Cincinnati, as a city, has a lot to offer. Their university's football team has slowly been on the rise as well. (They're expanding Nippert Stadium to 40,000 seats.)
Yet, nobody seems to want Cincinnati in the conference. Current members of the America Athletic Conference, Gene Smith has basically said Cincinnati could join the Big Ten over his dead body.
There has been speculation Cincinnati could find a home with the Big 12 in the next round of conference expansion, but Mike Davis of Sports Politico isn't a fan of that idea:
Cincinnati’s football stadium is incredibly small for P5 standards. The issue with Nippert Stadium isn’t just its capacity, which is being expanded from 35k to 40k, but the surrounding area. Due to its urban setting, the campus does not have an abundance of space to work with for its athletic facilities.
The state of Texas is notorious for the way its public FBS schools have to compete with each other for state funding and fan support. While the situation in Ohio may not be as bad as things are in Texas, the two closely mirror each other. The University of Cincinnati is located in Ohio and thus in the shadow of The Ohio State University. The Buckeyes have a political and fan support dominance that is unusual for a state as large as Ohio.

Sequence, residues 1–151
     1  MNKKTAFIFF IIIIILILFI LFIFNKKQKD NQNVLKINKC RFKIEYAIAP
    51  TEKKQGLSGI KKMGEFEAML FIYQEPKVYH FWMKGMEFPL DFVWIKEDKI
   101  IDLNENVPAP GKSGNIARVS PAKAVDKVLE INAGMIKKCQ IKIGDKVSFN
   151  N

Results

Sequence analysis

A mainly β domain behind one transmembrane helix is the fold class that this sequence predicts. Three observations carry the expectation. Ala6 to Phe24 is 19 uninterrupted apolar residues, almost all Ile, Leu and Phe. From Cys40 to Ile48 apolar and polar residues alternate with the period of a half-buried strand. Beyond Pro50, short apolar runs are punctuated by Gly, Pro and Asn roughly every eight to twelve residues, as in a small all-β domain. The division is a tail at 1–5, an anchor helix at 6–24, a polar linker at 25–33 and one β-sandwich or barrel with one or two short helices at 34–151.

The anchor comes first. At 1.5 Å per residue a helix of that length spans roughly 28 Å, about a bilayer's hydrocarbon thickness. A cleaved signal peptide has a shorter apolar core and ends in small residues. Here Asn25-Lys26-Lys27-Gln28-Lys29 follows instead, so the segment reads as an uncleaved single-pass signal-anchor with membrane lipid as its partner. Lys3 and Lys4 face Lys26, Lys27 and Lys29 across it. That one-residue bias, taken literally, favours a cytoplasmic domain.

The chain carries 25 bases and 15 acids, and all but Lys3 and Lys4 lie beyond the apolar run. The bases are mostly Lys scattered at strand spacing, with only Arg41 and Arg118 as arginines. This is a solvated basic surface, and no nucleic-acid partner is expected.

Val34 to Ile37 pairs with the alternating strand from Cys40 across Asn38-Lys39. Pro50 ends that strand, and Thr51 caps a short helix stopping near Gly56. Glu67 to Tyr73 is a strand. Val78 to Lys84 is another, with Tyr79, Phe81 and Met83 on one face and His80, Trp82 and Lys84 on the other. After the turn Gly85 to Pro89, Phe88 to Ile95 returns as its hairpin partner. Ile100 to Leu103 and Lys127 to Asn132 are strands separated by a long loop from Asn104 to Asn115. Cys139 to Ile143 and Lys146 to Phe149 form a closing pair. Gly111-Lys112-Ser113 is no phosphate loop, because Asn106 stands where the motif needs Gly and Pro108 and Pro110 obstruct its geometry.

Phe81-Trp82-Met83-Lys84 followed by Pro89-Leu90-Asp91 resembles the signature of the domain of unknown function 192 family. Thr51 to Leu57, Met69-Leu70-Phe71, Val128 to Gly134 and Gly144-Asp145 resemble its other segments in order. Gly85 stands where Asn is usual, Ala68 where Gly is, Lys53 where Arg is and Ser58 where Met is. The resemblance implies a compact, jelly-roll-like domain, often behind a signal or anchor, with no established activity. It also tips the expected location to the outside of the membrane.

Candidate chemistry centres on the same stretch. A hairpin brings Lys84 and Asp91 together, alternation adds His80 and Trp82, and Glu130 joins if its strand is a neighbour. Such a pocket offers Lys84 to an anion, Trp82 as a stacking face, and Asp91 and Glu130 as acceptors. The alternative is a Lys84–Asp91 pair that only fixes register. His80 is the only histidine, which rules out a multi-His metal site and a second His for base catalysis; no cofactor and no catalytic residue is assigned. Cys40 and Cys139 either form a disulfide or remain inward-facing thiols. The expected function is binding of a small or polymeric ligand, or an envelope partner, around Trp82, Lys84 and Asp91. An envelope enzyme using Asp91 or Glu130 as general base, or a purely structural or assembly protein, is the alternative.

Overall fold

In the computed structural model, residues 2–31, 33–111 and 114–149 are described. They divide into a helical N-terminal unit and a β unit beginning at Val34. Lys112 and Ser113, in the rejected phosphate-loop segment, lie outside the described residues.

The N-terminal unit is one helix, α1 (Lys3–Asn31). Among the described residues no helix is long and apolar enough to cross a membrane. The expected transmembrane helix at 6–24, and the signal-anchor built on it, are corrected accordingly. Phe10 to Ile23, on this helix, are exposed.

The first reason is that Cincinnati is still just one school whose net benefit would be giving WVU a regional away game every other year. That is a very small net gain for the conference as a whole for a very big price tag that would be adding Cincinnati. The advantages of Cincinnati’s proximity to Morgantown will be seen mostly in the non-football sports, but at the same time the rest of the Big 12 will now have to take more Eastern trips to accommodate the Bearcats in all sports as well.
It's a pretty well-reasoned look at Cincinnati's uphill climb in gaining membership to a Power Five conference.
Of course, Cincinnati football will have a chance to show it deserves a seat at the Big Kids' table on September 27th, when the Bearcats come to Ohio Stadium.